September is National Recovery Month
September is the National Recovery Month for Substance Use. The highlight of this month is to recognize the importance of mental health and the possibility of recovery for many individuals. It is a time that is dedicated to reaching out to individuals who might need help, and recognizing the hard work of treatment providers.
Of all life-long cases of substance use disorders 75% of cases begin by 24 years of age.
Therefore, getting help to youth who are struggling with substance use disorder is key. Communities would benefit greatly from learning more about prevention and effective coping strategies at an earlier age. By providing more resources to people at a younger age, we would be able to catch a lot of substance use disorder cases earlier, resulting in a better prognosis for individuals in the long run.
Getting specialized treatment for your own needs is important.
Helping individuals get specialized treatment that is geared towards their individual needs is essential for people with substance use disorder. Substance misuse can have an effect on so many different aspects of an individual’s life that is it important to help them not only mentally but also with other aspects of their lives that have been affected; this includes their social, familial, and occupational lives.
Benefits of Treatment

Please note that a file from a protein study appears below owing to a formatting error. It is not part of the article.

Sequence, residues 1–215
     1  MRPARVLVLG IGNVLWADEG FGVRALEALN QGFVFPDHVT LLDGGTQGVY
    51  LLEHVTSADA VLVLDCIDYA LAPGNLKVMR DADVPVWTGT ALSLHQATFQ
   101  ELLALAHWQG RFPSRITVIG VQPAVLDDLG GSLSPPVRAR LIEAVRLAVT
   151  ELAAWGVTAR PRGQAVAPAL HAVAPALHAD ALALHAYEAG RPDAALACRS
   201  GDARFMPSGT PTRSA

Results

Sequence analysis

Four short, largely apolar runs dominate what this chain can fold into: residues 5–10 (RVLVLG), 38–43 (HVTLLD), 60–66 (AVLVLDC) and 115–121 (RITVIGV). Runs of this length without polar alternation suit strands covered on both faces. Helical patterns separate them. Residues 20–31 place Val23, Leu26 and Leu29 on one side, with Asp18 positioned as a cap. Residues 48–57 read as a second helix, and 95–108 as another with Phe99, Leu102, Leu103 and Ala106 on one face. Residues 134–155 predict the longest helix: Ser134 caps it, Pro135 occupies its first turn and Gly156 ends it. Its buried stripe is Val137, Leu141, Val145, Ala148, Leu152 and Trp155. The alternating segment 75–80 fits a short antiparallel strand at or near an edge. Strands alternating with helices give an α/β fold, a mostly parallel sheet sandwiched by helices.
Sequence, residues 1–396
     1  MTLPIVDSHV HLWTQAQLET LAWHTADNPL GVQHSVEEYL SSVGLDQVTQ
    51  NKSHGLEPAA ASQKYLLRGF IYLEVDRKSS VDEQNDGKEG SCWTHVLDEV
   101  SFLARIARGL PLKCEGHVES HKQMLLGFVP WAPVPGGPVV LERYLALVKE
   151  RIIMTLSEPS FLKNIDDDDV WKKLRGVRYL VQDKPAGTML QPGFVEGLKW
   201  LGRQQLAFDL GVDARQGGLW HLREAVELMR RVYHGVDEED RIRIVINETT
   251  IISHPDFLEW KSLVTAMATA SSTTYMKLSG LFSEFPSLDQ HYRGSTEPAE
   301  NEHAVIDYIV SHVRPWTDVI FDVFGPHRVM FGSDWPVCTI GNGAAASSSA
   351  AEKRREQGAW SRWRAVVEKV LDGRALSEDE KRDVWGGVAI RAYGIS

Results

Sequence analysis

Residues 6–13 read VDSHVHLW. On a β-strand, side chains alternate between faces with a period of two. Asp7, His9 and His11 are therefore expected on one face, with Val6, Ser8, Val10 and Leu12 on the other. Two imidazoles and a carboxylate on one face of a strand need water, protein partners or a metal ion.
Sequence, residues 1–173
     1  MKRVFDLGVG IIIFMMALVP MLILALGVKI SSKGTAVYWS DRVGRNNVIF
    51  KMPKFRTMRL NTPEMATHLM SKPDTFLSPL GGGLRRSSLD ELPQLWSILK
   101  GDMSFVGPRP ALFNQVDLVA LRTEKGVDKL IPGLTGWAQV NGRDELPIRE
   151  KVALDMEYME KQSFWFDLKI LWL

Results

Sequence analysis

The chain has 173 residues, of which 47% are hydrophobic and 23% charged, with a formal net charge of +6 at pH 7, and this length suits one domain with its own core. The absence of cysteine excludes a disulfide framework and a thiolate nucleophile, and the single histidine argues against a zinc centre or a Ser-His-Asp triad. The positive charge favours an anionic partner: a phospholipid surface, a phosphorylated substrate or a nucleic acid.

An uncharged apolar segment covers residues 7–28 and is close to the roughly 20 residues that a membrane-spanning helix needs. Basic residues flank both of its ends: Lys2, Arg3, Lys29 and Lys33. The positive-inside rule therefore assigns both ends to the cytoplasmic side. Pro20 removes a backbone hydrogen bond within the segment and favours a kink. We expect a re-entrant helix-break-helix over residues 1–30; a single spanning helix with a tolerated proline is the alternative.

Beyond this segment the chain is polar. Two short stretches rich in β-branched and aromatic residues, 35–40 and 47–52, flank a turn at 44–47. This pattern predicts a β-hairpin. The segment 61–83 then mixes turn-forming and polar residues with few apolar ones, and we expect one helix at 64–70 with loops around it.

When people receive treatment for drug and alcohol use disorders, there is a drop in the number of interpersonal conflicts, increased work productivity, decreases in homelessness, and an increase in employment. There is also an 80% decrease in criminal activity and a reduction in medical costs.
Treatment can be long term, but there is always hope.
Since many substance use disorders are chronic, the road of treatment can be long and very difficult. Relapses are common and scientific research has found that this is in part due to environmental cues that can trigger cravings, as our brains associate certain people, places, or objects with drug use. This is normal and therapies have been adjusting treatments to interfere with these triggers, so that patients do not relapse. As long as people stay in treatment and continue returning to treatment, they have a higher chance of staying in recovery and not
If you are struggling with substance use disorder or you know someone who might be struggling, please feel free to contact the professional team at Lifeline Connections for help! Getting yourself help, whether it is through self-help or by reaching out to professionals is an important part of recognizing that you are struggling; it is also a good step forward in getting the help you need and starting on the road to recovery. You can visit Lifelineconnections.org or call 360.397.8246 for more information.